A Venture In Mysticism by Christopher Morley

Story type: Essay

I had heard so much about this Rabbi Tagore and his message of calm for our hustling, feverish life, that I thought I would try to put some of that stuff into practice.

“Shut out the clamour of small things. Withdraw into the deep quiet of your soul, commune with infinite beauty and infinite peace. You must be full of gladness and love for every person and every tiniest thing. Great activity and worry is needless–it is poison to the soul. Learn to reflect, and to brood upon eternal beauty. It is the mystic who finds all that is most precious in life. The flowers of meditation blossom in his heart.” I cut out these words and pasted them in my hat. I have always felt that my real genius lies in the direction of philosophic calm. I determined to override the brutal clamour of petty things.

The alarm clock rang as usual at 6.30. Calmly, with nothing but lovely thoughts in my mind, I threw it out of the window. I lay until eight o’clock, communing with infinite peace. I began to see that Professor Tagore was right. My wife asked me if I was going to the office. “I am brooding upon eternal beauty,” I told her.

She thought I was ill, and made me take breakfast in bed.

I usually shave every morning, but a moment’s thought will convince you that mystics do not do so. I determined to grow a beard. I lit a cigar, and replied “I am a mystic” to all my wife’s inquiries.

At nine o’clock came a telephone call from the office. My employer is not a devotee of eternal calm, I fear. When I explained that I was at home reading “Gitanjali,” his language was far from mystical. “Get here by ten o’clock or you lose your job,” he said.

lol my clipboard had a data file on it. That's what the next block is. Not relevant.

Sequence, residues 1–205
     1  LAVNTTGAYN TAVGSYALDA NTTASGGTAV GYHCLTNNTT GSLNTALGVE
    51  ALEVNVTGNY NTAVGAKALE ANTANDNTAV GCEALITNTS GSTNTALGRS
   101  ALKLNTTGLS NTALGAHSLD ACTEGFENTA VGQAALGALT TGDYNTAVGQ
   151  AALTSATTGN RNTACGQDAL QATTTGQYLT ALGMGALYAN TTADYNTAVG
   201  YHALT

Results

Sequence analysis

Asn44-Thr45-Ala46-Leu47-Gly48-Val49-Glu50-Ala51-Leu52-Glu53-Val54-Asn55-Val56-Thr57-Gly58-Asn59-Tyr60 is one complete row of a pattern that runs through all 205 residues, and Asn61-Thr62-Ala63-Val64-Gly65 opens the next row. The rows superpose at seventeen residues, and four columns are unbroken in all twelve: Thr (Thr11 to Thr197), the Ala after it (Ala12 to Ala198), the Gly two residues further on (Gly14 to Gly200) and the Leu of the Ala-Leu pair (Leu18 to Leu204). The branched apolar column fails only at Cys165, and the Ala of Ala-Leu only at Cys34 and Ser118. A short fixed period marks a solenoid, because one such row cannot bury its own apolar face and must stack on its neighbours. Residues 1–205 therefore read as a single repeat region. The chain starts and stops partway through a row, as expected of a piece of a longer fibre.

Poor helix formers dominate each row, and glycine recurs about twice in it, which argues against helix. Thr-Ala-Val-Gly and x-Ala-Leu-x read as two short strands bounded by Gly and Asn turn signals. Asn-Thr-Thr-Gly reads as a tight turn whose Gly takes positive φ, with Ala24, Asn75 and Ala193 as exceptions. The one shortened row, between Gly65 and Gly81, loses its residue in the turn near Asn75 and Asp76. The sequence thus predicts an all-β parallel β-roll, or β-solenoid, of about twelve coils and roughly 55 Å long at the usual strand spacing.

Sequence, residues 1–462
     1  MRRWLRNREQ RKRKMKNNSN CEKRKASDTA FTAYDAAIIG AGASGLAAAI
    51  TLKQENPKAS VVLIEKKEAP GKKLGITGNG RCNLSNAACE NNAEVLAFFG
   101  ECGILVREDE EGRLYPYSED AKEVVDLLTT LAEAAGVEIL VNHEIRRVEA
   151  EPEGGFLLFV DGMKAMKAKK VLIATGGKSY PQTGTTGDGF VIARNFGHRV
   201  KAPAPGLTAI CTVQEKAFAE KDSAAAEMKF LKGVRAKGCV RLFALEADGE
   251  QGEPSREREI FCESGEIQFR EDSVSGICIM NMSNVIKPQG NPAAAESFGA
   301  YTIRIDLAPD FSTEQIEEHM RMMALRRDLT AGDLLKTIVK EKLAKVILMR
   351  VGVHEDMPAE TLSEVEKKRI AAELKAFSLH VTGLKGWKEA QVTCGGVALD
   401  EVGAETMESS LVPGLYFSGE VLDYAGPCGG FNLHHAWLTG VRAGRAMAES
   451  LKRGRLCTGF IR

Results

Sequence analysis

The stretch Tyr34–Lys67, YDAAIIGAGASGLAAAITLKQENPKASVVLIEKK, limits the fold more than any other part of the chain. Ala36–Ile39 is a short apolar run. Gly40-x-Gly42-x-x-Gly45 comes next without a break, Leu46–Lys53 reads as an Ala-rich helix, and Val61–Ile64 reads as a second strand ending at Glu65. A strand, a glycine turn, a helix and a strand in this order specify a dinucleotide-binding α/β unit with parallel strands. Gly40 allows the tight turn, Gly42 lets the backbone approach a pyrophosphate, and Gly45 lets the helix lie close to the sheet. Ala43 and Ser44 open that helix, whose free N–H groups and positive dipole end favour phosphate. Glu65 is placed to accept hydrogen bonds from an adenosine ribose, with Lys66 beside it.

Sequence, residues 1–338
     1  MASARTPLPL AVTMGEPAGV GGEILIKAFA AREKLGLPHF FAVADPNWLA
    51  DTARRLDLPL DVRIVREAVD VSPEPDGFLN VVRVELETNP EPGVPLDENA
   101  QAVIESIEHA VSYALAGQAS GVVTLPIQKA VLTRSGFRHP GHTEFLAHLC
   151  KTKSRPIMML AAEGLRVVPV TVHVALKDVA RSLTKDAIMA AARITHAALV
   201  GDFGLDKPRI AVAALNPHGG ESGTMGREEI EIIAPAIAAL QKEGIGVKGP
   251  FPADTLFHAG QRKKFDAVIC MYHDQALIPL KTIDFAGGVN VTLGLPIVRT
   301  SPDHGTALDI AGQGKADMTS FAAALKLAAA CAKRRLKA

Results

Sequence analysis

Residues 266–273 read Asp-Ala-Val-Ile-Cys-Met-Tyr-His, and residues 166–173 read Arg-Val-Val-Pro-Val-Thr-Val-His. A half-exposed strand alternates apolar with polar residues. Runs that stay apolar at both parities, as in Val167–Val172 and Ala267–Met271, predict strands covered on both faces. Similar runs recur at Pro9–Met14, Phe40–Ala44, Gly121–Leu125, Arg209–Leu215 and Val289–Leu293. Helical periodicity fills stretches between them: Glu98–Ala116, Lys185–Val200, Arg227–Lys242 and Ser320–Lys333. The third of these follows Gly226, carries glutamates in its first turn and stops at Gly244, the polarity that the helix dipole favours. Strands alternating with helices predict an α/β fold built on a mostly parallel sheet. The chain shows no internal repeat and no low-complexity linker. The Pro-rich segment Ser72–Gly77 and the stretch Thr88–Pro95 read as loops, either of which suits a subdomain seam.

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I was dismayed to see the same old throng in the subway, all the senseless scuffle and the unphilosophic crowd. But I felt full of gladness in my new way of life, full of brotherhood for all the world. “I love you,” I said to the guard on the platform. He seized me by the shoulders and rammed me into the crowded car, shouting “Another nut!”

When I reached the office my desk was littered with a hundred papers. The stenographer was at the telephone, trying to pacify someone. “Here he is now,” I heard her say.

It was Dennis & Company on the wire.

“How about that carload of Bavarian herrings we were to have yesterday without fail?” said Dennis.

I took the ‘phone.

“In God’s good time,” I said, “the shipment will arrive. The matter is purely ephemeral, after all. If you will attune yourself–“

He rang off.

I turned over the papers on my desk. Looked at with the unclouded eye of a mystic, how mundane and unnecessary all these pettifogging transactions seemed. Two kegs of salt halibut for the Cameron Stores, proofs of the weekly ad. for the Fishmongers’ Journal, a telegram from the Uptown Fish Morgue, new tires needed for one of the delivery trucks–how could I jeopardize my faculty of meditation by worrying over these trifles? I leaned back in my chair and devoted myself to meditation. After all, the harassing domination of material things can easily be thrown off by a resolute soul. I was full of infinite peace. I seemed to see the future as an ever-widening vista of sublime visions. My soul was thrilled with a universal love of humanity.

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The buzzer on my desk sounded. That meant that the boss wanted to see me.